Oil spills from tankers cause acute pollution to coastal communities and chronic pollution to the marine environment generally. (Photograph: Marine and Coastal Management, Department of Environmental Affairs and Tourism)

Threats to oceans

Some scientists think that climate change, perhaps helped on by human activities, will cause major changes in ocean currents. We cannot yet say what these changes or their implications will be.

Some idea of the economic disruption which could be caused is shown by El Niño, a frequently occurring, natural phenomenon in which an ocean current suddenly switches off. In the 1997/98 event droughts, forest fires and air pollution were severe in some parts while floods and storms devastated other areas. Fisheries and agriculture were affected across the globe.

All over the world, the sea level is currently rising at 1- 2 centimetres every ten years as the oceans warm and expand. Scientists predict that this increase will double in the next century. It will have greater effects where land is naturally sinking, or where human activities have damaged coastal protection.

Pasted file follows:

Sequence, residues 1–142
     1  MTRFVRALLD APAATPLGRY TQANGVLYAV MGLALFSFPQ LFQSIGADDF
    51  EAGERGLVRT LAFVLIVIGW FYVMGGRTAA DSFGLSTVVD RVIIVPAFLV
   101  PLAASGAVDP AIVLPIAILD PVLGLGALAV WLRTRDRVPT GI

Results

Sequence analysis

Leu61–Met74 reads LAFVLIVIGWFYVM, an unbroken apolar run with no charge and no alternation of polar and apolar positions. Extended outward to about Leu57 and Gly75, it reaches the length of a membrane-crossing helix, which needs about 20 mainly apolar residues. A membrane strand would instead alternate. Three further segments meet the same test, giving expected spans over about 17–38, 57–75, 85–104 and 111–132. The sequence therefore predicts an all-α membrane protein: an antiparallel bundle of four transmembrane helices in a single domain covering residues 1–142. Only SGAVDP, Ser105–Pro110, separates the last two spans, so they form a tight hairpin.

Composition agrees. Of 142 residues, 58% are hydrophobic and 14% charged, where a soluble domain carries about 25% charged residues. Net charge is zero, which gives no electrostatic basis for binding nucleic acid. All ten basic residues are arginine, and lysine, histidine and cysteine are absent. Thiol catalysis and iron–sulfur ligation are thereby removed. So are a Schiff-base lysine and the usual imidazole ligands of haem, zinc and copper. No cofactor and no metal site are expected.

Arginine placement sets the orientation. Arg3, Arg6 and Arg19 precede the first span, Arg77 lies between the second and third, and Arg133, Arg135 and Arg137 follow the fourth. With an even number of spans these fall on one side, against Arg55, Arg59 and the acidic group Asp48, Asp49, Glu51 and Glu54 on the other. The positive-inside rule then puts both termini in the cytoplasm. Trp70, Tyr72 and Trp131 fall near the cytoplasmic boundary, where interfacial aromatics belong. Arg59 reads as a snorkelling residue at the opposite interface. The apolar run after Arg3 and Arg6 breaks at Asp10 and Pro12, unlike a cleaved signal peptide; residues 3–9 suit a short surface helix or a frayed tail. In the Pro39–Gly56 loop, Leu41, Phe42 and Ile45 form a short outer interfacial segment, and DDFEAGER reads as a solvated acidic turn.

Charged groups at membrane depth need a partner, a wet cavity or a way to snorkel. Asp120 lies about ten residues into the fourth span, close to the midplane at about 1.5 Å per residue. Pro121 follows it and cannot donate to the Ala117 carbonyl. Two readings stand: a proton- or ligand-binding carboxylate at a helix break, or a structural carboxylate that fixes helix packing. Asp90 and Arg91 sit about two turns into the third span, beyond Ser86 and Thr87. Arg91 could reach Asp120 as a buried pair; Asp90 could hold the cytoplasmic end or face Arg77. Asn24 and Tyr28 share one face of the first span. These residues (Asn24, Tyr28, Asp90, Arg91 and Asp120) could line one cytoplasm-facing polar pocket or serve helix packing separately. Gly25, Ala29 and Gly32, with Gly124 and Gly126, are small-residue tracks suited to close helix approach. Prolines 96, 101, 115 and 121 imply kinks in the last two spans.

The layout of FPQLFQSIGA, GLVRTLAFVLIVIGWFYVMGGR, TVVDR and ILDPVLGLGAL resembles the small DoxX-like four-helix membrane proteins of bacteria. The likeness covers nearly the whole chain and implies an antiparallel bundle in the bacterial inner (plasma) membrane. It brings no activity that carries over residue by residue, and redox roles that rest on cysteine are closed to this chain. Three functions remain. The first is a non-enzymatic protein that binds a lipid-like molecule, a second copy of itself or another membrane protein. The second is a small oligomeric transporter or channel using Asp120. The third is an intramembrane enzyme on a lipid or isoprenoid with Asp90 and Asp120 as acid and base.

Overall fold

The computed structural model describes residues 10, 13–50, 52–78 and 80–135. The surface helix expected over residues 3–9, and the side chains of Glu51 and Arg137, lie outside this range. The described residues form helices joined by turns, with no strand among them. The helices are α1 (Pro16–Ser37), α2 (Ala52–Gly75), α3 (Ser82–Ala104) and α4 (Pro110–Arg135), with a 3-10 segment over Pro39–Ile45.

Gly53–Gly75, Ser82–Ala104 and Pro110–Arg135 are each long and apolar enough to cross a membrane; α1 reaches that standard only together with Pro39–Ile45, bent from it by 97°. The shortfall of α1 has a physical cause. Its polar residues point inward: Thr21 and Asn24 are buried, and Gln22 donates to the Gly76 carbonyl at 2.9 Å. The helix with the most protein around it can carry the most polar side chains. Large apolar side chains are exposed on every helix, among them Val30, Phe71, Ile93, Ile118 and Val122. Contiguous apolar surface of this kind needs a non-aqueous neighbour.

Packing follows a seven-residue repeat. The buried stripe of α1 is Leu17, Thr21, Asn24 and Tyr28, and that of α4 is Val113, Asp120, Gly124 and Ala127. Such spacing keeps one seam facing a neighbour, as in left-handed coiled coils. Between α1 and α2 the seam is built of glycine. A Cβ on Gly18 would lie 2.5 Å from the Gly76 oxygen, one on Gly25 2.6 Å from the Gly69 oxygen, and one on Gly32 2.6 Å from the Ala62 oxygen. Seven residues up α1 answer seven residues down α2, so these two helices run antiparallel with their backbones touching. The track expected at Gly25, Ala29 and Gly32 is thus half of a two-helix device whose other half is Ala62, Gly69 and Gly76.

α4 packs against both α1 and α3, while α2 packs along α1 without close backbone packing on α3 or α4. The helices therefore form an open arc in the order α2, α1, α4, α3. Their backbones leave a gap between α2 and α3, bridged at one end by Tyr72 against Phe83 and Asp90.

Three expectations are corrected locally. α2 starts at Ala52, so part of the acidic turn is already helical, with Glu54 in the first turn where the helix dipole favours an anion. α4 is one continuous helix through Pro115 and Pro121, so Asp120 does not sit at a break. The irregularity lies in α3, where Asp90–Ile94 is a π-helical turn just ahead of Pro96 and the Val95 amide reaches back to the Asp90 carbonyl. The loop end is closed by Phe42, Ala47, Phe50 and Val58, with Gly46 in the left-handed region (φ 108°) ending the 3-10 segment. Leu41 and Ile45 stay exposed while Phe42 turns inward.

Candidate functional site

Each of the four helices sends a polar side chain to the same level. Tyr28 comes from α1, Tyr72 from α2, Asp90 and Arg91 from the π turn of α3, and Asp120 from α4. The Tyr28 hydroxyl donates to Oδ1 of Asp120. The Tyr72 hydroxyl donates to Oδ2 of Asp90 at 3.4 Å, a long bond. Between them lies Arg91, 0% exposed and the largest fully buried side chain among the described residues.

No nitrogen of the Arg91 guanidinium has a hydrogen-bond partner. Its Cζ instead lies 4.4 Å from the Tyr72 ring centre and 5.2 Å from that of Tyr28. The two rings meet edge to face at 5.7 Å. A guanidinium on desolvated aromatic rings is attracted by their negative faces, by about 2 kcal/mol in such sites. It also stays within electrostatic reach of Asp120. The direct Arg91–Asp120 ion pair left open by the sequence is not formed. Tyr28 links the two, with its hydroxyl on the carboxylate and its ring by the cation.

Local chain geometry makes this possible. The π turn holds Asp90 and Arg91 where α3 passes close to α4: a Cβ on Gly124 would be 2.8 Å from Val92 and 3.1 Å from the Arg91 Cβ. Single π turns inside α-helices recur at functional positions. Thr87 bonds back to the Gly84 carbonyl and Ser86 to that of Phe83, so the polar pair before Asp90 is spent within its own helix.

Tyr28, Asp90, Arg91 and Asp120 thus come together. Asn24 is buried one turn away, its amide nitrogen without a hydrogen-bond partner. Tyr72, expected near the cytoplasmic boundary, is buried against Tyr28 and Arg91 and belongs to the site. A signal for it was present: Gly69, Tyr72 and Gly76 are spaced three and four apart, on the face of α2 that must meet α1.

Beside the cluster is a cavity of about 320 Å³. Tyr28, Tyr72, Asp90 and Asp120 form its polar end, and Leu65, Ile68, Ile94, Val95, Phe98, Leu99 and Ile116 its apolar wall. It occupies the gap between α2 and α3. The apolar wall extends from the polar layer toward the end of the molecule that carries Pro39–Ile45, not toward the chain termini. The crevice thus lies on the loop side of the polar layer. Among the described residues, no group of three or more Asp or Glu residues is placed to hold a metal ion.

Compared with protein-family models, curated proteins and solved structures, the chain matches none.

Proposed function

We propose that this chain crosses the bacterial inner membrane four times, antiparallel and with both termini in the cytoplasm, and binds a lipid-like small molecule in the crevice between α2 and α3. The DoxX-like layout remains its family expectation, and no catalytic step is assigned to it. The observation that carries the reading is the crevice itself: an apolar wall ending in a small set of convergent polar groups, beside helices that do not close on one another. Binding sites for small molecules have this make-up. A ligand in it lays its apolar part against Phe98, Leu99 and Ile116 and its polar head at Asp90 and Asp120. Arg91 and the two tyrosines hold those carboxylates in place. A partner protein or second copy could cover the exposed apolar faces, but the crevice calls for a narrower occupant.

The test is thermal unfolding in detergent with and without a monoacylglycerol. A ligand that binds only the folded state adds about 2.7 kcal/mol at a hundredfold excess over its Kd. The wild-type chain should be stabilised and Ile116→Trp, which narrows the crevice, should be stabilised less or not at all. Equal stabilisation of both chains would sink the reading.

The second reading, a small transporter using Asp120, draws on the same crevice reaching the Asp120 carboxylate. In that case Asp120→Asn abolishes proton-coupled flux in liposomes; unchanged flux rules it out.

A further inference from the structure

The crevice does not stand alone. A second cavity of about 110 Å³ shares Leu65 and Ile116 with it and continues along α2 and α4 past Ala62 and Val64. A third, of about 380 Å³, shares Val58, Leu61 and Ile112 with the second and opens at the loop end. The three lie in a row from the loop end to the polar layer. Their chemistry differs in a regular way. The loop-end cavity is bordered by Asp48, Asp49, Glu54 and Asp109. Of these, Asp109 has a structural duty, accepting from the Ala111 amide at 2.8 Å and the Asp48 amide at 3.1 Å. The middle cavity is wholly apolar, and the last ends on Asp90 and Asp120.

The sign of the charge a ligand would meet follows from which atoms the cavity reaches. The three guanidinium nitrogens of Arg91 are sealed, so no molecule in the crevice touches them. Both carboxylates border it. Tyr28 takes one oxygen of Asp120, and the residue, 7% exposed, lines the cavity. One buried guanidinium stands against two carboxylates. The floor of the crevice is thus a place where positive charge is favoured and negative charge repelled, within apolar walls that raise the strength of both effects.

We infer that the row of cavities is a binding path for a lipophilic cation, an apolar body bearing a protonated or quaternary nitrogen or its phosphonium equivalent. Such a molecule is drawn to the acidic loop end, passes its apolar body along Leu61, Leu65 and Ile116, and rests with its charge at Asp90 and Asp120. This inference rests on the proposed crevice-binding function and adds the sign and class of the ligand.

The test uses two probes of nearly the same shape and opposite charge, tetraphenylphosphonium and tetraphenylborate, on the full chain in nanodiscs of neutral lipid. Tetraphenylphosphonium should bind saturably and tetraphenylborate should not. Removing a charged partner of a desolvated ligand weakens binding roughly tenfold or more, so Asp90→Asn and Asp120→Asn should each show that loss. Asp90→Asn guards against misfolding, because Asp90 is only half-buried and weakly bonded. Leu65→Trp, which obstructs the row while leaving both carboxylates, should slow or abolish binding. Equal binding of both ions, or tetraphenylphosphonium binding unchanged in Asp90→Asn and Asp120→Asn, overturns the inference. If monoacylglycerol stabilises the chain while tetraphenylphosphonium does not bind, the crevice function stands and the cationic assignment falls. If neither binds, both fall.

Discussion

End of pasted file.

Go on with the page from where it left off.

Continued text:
Most of the world's sea fisheries are over-exploited. Excessive fishing effort leads to the collapse of stocks and affects the ecological balance for all marine organisms.

Certain fishing techniques such as bottom trawling and dredging damage the sea bed and coral reefs. Other methods such as gill-nets catch large numbers of nontarget species including marine mammals, turtles and seabirds.